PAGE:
The drives and their associated computer storage media discussed above and illustrated in FIG. 1, provide storage of computer readable instructions, data structures, program modules and other data for the computer 110. In FIG. 1, for example, hard disk drive 141 is illustrated as storing operating system 144, application programs 145, other program modules 146, and program data 147. Note that these components can either be the same as or different from operating system 134, application programs 135, other program modules 136, and program data 137. Operating system 144, application programs 145, other program modules 146, and program data 147 are given different numbers here to illustrate that, at a minimum, they are different copies. A user may enter commands and information into the computer 20 through input devices such as a keyboard 162 and pointing device 161, commonly referred to as a mouse, trackball or touch pad. Other input devices (not shown) may include a microphone, joystick, game pad, satellite dish, scanner, or the like. These and other input devices are often connected to the processing unit 120 through a user input interface 160 that is coupled to the system bus, but may be connected by other interface and bus structures, such as a parallel port, game port or a universal serial bus (USB). A monitor 191 or other type of display device is also connected to the system bus 121 via an interface, such as a video interface 190. In addition to the monitor, computers may also include other peripheral output devices such as speakers 197 and printer 196, which may be connected through an output peripheral interface 195.
The computer 110 may operate in a networked environment using logical connections to one or more remote computers, such as a remote computer 180. The remote computer 180 may be a personal computer, a server, a router, a network PC, a peer device or other common network node, and typically includes many or all of the elements described above relative to the computer 110, although only a memory storage device 181 has been illustrated in FIG. 1. The logical connections depicted in FIG. 1 include a local area network (LAN) 171 and a wide area network (WAN) 173, but may also include other networks. Such networking environments are commonplace in offices, enterprise-wide computer networks, intranets and the Internet.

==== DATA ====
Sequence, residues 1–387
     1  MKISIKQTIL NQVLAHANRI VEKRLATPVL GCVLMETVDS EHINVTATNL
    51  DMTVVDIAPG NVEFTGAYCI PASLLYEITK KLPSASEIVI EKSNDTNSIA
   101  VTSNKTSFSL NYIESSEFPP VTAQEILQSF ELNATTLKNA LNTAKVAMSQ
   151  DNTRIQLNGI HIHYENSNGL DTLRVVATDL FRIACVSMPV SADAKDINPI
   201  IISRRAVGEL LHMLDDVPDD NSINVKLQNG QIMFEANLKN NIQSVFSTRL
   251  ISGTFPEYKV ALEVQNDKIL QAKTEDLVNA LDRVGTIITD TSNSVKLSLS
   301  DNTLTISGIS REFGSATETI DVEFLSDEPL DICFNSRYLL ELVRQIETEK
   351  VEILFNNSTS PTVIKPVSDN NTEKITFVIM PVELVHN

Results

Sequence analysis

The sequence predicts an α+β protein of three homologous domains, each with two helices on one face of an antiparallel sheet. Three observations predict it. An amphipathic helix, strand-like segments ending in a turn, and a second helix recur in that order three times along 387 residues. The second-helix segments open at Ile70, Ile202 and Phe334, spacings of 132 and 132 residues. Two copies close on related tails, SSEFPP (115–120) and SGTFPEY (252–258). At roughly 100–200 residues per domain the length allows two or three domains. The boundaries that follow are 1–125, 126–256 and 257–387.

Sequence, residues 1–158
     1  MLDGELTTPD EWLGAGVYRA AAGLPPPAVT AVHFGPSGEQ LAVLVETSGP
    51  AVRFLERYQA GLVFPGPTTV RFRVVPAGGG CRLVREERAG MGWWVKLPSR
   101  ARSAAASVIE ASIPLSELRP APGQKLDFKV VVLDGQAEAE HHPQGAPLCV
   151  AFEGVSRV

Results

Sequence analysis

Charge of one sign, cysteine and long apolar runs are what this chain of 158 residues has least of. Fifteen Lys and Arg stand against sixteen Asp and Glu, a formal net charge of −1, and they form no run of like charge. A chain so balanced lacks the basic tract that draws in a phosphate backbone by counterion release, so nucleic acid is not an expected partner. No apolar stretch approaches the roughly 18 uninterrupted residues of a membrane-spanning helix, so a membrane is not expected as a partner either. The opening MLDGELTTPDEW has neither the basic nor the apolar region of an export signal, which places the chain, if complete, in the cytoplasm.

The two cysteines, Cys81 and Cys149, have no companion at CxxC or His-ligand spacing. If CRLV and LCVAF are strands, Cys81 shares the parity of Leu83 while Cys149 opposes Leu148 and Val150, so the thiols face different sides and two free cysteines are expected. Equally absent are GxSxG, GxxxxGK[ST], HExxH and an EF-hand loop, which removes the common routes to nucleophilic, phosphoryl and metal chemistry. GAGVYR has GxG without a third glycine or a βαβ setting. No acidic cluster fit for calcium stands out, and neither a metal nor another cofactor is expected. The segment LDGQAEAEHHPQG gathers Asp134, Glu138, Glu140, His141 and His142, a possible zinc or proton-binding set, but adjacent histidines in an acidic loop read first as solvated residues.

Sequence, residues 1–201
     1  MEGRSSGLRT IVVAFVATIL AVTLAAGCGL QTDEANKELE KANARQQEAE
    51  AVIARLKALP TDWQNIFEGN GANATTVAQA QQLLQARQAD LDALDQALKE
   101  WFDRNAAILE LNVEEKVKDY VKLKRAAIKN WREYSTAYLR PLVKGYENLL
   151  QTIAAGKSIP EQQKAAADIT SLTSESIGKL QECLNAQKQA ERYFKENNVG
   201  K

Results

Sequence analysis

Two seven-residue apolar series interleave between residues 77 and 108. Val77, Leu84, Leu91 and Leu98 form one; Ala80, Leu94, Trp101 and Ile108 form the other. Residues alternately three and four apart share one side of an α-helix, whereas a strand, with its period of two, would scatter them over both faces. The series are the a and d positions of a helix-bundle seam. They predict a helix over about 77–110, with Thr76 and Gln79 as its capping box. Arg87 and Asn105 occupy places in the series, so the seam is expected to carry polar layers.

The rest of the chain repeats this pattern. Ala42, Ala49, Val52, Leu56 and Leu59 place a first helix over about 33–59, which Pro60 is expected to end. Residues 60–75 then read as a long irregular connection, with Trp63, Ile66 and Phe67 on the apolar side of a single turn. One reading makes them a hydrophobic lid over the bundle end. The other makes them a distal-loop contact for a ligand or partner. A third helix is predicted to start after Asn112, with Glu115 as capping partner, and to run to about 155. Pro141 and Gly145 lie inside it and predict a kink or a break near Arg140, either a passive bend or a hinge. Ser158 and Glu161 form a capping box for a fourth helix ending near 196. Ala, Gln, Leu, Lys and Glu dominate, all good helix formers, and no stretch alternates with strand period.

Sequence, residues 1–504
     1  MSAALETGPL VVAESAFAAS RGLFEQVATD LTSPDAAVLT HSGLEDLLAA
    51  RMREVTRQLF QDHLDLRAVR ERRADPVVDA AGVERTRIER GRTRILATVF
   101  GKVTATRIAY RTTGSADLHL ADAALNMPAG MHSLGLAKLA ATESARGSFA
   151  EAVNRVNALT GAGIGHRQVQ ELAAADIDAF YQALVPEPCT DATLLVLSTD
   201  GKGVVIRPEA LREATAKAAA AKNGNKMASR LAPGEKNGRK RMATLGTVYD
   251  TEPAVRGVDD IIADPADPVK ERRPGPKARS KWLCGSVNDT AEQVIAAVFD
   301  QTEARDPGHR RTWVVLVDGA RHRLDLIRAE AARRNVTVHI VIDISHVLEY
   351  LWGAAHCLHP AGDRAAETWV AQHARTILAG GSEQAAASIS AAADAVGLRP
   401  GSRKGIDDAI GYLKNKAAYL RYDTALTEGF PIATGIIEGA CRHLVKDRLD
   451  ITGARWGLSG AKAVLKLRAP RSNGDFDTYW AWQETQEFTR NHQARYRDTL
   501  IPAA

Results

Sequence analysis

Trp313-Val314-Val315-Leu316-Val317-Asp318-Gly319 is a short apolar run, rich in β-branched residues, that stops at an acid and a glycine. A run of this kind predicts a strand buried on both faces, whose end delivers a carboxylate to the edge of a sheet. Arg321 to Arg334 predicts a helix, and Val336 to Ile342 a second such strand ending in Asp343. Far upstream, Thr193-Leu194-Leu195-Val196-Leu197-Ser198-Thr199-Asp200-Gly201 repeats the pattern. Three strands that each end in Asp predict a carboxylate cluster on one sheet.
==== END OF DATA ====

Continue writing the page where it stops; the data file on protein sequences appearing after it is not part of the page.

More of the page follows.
When used in a LAN networking environment, the computer 110 is connected to the LAN 171 through a network interface or adapter 170. When used in a WAN networking environment, the computer 110 typically includes a modem 172 or other means for establishing communications over the WAN 173, such as the Internet. The modem 172, which may be internal or external, may be connected to the system bus 121 via the user input interface 160, or other appropriate mechanism. In a networked environment, program modules depicted relative to the computer 110, or portions thereof, may be stored in the remote memory storage device. By way of example, and not limitation, FIG. 1 illustrates remote application programs 185 as residing on memory device 181. It will be appreciated that the network connections shown are exemplary and other means of establishing a communications link between the computers may be used.
In some aspects, a pen digitizer 165 and accompanying pen or stylus 166 are provided in order to digitally capture freehand input. Although a direct connection between the pen digitizer 165 and the user input interface 160 is shown, in practice, the pen digitizer 165 may be coupled to the processing unit 110 directly, parallel port or other interface and the system bus 130 by any technique including wirelessly. Also, the pen 166 may have a camera associated with it and a transceiver for wirelessly transmitting image information captured by the camera to an interface interacting with bus 130. Further, the pen may have other sensing systems in addition to or in place of the camera for determining strokes of electronic ink including accelerometers, magnetometers, and gyroscopes.
It will be appreciated that the network connections shown are exemplary and other means of establishing a communications link between the computers can be used. The existence of any of various well-known protocols such as TCP/IP, Ethernet, FTP, HTTP and the like is presumed, and the system can be operated in a client-server configuration to permit a user to retrieve web pages from a web-based server. Any of various conventional web browsers can be used to display and manipulate data on web pages.
A programming interface (or more simply, interface) may be viewed as any mechanism, process, protocol for enabling one or more segment(s) of code to communicate with or access the functionality provided by one or more other segment(s) of code. Alternatively, a programming interface may be viewed as one or more mechanism(s), method(s), function call(s), module(s), object(s), etc. of a component of a system capable of communicative coupling to one or more mechanism(s), method(s), function call(s), module(s), etc. of other component(s). The term “segment of code” in the preceding sentence is intended to include one or more instructions or lines of code, and includes, e.g., code modules, objects, subroutines, functions, and so on, regardless of the terminology applied or whether the code segments are separately compiled, or whether the code segments are provided as source, intermediate, or object code, whether the code segments are utilized in a runtime system or process, or whether they are located on the same or different machines or distributed across multiple machines, or whether the functionality represented by the segments of code are implemented wholly in software, wholly in hardware, or a combination of hardware and software.